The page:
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Irish holiday 'a time to reflect'

AN estimated 500,000 Irish people, immigrants and tourists lined up along a parade route in Dublin yesterday to celebrate St Patrick's Day - a national holiday dimmed this year by an economic recession and rising violence.

Ireland faces its sternest economic challenges in decades. Unemployment has soared above 10 percent, the government is imposing severe tax increases and cuts to combat a budget deficit, and the national mood is struggling amid rising emigration and violence.

Cardinals and bishops emphasized that the island's 4 million Catholics must pray on St Patrick's Day for an end to Irish Republican Army dissident attacks that claimed three lives this month in the British territory of Northern Ireland ?? and an end to drug gang feuds in Dublin that have left eight dead this year.

"St Patrick's Day provides a moment to reflect on the fragility of our times and our future if we place our trust in egoism and self-centeredness," said Catholic Archbishop Diarmuid Martin of Dublin.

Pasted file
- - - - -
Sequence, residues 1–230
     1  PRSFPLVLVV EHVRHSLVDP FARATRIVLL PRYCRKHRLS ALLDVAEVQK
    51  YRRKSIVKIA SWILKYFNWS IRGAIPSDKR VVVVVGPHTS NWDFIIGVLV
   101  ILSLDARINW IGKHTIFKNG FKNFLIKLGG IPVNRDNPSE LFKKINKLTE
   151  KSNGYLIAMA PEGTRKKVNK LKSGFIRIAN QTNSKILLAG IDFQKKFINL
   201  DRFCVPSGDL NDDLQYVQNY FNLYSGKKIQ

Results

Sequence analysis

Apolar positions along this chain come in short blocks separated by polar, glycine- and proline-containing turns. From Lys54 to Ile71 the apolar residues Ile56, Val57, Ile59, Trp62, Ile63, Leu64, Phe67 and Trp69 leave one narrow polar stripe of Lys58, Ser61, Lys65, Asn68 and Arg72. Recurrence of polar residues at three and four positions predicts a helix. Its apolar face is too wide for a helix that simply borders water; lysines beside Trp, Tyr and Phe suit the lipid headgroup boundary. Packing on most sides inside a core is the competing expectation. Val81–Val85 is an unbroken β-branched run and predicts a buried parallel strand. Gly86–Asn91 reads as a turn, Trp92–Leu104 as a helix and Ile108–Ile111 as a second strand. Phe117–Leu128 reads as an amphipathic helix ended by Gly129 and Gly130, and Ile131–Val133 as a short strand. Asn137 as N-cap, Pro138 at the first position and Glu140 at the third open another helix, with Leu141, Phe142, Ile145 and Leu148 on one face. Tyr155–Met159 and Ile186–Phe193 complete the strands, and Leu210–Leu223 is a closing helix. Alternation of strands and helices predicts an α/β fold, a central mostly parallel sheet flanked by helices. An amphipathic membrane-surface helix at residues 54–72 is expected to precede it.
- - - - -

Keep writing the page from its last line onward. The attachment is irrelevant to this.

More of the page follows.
He called for everyone on the island "to send an urgent and unambiguous message that as one community, north and south, without distinction of belief or of political allegiance, we are united against anyone who takes the path of violence."

In her St Patrick's Day message, Dublin Lord Mayor Eibhlin Byrne warned that the city of 1.3 million faced a growing threat of racist violence as the economy sours. Many natives view with resentment the more than 100,000 Eastern Europeans, Asians and Africans who settled in Ireland during its Celtic Tiger boom over the last decade.

She said the national holiday posed the question of "what it is to be Irish in the 21st century and how we blend our old and new cultures."


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